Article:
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Author(s): Karlen, Guillermo A.M., Paul H. Hemsworth, Harold W. Gonyou, Emma Fabrega, A. David Strom, Robert J. Smits
Publication Date: January 1, 2007
Reference: Journal of Applied Animal Behaviour Science 105 (2007) 87–101
Country: Australia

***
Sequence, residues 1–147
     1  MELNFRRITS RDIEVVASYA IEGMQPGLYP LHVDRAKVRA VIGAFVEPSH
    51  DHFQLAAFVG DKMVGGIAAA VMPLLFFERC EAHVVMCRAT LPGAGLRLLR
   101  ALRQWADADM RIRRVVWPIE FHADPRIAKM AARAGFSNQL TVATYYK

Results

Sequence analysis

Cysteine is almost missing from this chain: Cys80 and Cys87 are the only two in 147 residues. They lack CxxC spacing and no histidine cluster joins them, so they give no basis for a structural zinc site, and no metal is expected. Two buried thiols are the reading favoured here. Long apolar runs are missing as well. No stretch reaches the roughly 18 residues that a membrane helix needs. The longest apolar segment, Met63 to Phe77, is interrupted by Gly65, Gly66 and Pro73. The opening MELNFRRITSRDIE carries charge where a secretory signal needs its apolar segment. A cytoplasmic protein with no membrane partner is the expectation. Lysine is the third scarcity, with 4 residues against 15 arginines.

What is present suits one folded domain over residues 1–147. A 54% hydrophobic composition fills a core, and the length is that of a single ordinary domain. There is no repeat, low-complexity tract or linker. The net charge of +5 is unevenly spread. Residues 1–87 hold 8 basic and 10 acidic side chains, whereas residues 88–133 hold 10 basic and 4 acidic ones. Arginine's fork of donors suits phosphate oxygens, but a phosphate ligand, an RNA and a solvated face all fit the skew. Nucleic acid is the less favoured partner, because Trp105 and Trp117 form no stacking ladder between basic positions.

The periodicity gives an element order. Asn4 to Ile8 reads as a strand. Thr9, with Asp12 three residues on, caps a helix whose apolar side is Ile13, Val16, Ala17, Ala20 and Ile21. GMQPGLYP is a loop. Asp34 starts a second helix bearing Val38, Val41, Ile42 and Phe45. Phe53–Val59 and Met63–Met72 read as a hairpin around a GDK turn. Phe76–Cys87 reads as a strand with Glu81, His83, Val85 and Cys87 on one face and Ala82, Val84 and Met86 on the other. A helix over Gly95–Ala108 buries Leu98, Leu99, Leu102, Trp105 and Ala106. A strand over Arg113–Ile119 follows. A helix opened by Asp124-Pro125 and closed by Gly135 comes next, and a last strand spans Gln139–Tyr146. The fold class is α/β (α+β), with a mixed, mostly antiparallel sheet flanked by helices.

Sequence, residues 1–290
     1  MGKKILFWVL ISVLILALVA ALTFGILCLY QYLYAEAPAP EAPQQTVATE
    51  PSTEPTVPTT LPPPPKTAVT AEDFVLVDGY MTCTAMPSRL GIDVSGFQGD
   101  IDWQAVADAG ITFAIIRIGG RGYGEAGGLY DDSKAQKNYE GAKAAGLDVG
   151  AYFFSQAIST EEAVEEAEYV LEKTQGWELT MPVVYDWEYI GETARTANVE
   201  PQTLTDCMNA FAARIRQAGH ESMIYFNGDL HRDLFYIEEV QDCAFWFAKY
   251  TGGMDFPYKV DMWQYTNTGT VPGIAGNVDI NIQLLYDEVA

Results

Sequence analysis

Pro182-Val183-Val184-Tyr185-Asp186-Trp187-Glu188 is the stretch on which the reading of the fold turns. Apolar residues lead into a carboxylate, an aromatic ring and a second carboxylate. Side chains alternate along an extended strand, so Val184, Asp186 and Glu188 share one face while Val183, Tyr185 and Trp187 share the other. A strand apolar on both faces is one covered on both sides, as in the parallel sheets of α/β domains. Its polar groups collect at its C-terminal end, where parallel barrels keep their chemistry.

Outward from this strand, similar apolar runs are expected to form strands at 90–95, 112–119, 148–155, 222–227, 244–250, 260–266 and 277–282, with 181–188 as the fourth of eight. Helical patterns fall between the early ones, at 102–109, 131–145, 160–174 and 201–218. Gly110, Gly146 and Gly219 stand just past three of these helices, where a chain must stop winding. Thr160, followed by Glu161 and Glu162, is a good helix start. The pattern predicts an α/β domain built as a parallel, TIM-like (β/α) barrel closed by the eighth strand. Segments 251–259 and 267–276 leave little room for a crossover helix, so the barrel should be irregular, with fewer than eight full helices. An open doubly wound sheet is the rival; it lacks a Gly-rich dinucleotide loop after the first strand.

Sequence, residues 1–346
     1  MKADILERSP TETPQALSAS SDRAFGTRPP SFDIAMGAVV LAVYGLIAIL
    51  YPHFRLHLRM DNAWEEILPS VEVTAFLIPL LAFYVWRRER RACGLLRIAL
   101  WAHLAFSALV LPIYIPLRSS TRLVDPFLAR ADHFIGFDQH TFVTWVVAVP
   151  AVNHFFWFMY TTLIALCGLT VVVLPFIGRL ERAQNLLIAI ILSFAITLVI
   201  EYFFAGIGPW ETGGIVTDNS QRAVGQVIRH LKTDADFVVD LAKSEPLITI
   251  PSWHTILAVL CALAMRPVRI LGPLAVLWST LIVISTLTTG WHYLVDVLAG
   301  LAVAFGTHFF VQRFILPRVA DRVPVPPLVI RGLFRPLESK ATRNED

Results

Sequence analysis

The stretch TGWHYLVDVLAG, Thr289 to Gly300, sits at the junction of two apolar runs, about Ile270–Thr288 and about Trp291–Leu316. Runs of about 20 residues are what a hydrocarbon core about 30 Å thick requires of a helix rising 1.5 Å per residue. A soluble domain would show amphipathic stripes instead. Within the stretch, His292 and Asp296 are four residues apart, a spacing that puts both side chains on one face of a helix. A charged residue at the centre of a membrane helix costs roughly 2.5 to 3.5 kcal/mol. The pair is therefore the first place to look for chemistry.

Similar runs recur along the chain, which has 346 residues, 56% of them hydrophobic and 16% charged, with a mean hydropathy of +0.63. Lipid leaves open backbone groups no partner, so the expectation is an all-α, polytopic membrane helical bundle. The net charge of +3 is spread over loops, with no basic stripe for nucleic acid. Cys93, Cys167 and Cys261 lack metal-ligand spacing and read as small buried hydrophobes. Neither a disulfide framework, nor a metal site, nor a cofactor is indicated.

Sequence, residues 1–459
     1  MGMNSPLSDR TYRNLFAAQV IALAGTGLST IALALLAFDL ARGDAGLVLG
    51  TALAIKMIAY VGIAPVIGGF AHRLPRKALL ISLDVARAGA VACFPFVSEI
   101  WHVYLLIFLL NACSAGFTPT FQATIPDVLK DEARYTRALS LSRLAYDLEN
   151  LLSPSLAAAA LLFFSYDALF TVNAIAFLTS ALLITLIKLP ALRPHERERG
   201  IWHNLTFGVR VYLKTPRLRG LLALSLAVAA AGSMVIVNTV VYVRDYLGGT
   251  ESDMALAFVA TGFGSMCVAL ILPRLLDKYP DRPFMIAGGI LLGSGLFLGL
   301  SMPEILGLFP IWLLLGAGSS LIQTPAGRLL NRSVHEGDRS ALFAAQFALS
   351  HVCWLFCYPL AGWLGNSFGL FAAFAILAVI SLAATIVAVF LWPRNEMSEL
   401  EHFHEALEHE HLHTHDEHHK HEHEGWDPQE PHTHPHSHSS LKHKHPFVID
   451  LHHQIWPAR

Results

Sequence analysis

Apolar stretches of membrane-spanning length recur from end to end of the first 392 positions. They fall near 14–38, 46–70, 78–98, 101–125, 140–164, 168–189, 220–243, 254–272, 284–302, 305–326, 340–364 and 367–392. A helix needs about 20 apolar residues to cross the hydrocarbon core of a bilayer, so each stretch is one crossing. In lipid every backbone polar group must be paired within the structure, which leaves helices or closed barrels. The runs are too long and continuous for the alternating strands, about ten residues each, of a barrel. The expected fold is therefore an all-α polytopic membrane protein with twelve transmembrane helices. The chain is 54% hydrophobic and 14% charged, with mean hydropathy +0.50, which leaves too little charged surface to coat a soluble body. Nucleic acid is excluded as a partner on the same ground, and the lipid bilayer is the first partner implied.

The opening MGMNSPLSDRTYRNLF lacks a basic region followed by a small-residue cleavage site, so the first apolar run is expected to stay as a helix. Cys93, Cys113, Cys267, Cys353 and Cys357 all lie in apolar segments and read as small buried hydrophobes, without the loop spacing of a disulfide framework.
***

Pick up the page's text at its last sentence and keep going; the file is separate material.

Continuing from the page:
Confinement of breeding sows and gilts is one of the most controversial issues in livestock production, together with floor space allowance and lack of bedding (Barnett et al., 2001). However, consideration of the welfare implications of group versus stall housing during gestation is complex. Both housing systems have some clear advantages and disadvantages in relation to pig welfare. For example, individual housing in stalls restricts the sows’ opportunities to exercise, socially interact and interact with other features of the environment, but on the other hand, group housing raises welfare issues concerning space allowance and level of aggression. About 70% of the breeding sows are kept in stalls during gestation (Barnett et al., 2001). The ongoing welfare debate about stall housing has led to the examination of alternative housing systems for breeding sows. There is little information in the scientific literature on the welfare of gestating sows in groups of more than 40 animals and there is no scientific literature on housing breeding sows or gilts in large groups on deep litter. The present experiment measured aspects of the welfare of gestating sows housed in either large groups on deep litter (Hoops) or conventional stalls (Stalls). Six hundred and forty sows were studied, with 40 recently mated sows weekly entering each treatment over an 8-week period; groups of 85 were formed using 40 experimental and 45 non-experimental animals. Sows in Hoops had a higher number of scratches, a higher return rate to oestrus after mating (13.20% versus 7.35%) and there was a trend for higher salivary cortisol concentrations in week 1 of gestation (6.29 nM versus 4.03 nM). Sows in Stalls had a higher incidence of lameness at weeks 9 and 15 of gestation (13.8% versus 0.8% at week 15). There were changes in some leucocyte sub-populations in the Stalls treatment late in gestation: the percentage of neutrophils was higher (46% versus 41% of WBC), the number and percentage of lymphocytes was lower (41.6% versus 46.5% of WBC) and consequently there was a higher neutrophil:lymphocyte ratio (1.22 versus 0.94). There was a trend for a lower reproductive failure in the Stalls treatment (14.5% versus 27.3%); farrowing rate was higher (76.8% versus 66%), and while sows in Stalls weaned fewer piglets per litter (8.31 versus 8.97), the average weaning weight of these piglets was higher (8.69 kg versus 8.01 kg). The combination of these reproductive parameters resulted in sows in the Stall treatment weaning the equivalent of 39 more piglets per 100-mated sows. The results suggest that sows in large groups on deep litter faced greater welfare challenges in the early stages of gestation based on the findings of increased scratches, a higher rate of return to oestrous and a trend for higher cortisol concentrations early in gestation, all possibly a consequence of aggression. In contrast sows in stalls faced greater welfare challenges later in gestation based on a higher incidence of lameness and an increased neutrophil:lymphocyte ratio perhaps as a consequence of increased stress. In conclusion, these data suggest that in both housing systems the welfare advantages and disadvantages change overtime.

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